The article “Acupuncture for Chronic Knee Pain” from the most recent issue of JAMA has brought acupuncture into the news lately, with its finding that needle and laser acupuncture did not perform significantly better than a sham laser treatment. Having seen acupuncture and Chinese medicine help with knee pain many times, I am puzzled! What keeps researchers from getting consistent measurable results?
This most recent study divided 282 adults fifty years of age and older into four conditions: no acupuncture, needle acupuncture, laser acupuncture, and sham laser acupuncture. Each received 8 to 12 treatments over the course of 12 weeks. Participants filled out questionnaires about their knee pain at the start of the study, at 12 weeks, and one year later.
Needle and laser acupuncture modestly improved pain at 12 weeks compared with the control group. Likewise, needle acupuncture improved function at 12 weeks compared to control. Both needle and laser acupuncture, however, did not perform significantly better than the sham laser treatment; and the improvements were not maintained one year later.
Why such meager results in this study, when practitioners and patients have such a different experience of the efficacy of Chinese medicine?
Chronic knee pain in older adults is sometimes hard to treat with acupuncture alone. Nearly 40% of subjects in the study had pain for over 10 years–such a long term problem will likely have structural changes in the joint itself and cause changes in gait and posture that interfere with recovery as well. Twelve weeks of acupuncture treatment alone for such a long term degenerative problem may simply not be enough–it may end up being more of a palliative measure than one that provides ground for enduring improvement (though a palliative measure that is much less harmful than relying on painkillers!).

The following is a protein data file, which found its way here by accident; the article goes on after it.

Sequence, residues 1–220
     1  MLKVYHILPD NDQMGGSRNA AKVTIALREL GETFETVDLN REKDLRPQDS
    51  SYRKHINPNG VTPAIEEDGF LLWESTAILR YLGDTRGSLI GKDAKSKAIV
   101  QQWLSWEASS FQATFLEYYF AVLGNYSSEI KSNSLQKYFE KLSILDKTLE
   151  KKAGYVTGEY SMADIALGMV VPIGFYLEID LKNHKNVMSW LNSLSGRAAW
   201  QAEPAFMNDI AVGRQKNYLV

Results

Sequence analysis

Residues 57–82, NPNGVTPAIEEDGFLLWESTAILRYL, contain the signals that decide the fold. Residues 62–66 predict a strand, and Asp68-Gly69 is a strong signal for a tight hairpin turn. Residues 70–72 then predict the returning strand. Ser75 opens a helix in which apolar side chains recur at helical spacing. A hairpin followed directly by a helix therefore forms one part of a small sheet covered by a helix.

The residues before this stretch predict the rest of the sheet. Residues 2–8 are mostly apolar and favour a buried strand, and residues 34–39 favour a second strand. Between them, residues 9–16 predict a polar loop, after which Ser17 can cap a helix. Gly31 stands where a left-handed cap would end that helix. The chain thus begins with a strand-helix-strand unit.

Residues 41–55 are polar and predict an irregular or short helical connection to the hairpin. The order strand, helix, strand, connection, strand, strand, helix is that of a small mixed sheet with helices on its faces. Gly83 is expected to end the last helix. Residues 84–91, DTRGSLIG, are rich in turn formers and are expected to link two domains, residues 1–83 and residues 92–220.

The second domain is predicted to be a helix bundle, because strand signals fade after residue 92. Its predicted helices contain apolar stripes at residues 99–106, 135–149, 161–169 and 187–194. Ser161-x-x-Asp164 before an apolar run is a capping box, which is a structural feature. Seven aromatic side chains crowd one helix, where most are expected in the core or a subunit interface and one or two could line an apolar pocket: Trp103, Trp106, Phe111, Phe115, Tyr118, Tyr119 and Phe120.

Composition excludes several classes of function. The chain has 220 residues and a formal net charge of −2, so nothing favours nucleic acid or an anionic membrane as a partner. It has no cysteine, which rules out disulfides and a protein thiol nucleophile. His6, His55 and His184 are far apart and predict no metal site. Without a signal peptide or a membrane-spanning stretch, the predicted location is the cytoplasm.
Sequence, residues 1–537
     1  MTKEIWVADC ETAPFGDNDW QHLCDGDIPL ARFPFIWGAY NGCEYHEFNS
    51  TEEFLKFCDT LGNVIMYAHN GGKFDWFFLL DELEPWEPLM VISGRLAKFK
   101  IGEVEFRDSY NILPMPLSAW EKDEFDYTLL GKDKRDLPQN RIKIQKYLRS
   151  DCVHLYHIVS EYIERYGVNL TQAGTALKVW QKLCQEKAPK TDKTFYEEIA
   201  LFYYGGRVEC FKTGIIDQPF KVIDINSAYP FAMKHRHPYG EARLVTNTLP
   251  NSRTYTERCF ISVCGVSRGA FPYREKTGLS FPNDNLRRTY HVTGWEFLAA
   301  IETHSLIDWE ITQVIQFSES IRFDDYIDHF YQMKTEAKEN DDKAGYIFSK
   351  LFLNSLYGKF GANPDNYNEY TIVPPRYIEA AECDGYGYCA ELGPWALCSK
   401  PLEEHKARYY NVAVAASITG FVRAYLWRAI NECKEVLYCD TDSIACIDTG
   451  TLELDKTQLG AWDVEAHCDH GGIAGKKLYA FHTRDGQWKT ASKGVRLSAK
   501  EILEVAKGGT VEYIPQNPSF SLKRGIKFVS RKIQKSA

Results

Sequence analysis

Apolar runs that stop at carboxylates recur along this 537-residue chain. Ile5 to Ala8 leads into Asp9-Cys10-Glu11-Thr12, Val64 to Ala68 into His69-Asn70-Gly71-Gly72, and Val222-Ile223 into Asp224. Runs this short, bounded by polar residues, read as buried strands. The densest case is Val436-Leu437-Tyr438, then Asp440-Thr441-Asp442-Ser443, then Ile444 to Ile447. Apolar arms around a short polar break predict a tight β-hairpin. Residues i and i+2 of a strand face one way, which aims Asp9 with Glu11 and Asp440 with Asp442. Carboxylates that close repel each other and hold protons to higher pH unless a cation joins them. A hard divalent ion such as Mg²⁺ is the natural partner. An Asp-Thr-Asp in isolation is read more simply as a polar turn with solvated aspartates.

What was most surprising and disappointing to me, however, was reading that the frequency and number of treatments was not standardized. The article says “twenty minute treatments were delivered once or twice weekly for 12 weeks, with 8 to 12 sessions in total permitted.” Perhaps some patients have 8 treatments sprinkled across the whole 12 weeks and others have 12 treatments like clockwork through the whole period. But others might have had one or two treatments a week for eight weeks and then treatment is stopped for a month before they are assessed for improvement.
Despite trying to standardize acupuncture treatment into a drug study model, the researchers neglect the importance of frequency of treatment. Imagine a drug study where subjects are taking the drug at hugely varied schedules—some space their dose out so much that they never get a therapeutic effect and others have enough to get a therapeutic effect, but have treatment stopped well before they are reassessed! A more accurate assessment would need to have all subjects receive the same number of treatments per week for a standard number of weeks. Ideally, too, there should be assessment during the course of treatment to assess palliative effects while patients are actively receiving treatment. It’s also instructive to consider studies carried out in China—a course of treatment usually includes at least three acupuncture treatments per week for several weeks!
Chinese Medicine is More than just Acupuncture
Finally, in the larger context of Chinese medicine, chronic cases often point to a Chinese medical diagnosis of some kind of deficiency that made the knee more vulnerable to injury or degeneration. Deficiencies can be treated with acupuncture, but especially in the elderly, practitioners would likely prescribe herbs, dietary changes, and use other modalities, such as electroacupuncture or warming the needle with moxibustion, to enhance the effect of the acupuncture. All these approaches can help to address overall health in a way that supports healing of the knee. When the acupuncture administered through the study focuses primarily on treating the knee itself, the broader perspective of Chinese medicine is lost. Taking acupuncture out of the context of Chinese medicine and its more holistic way of viewing the body likely dilutes its effect and makes the results of this study hard to generalize to the real world practice of Chinese medicine.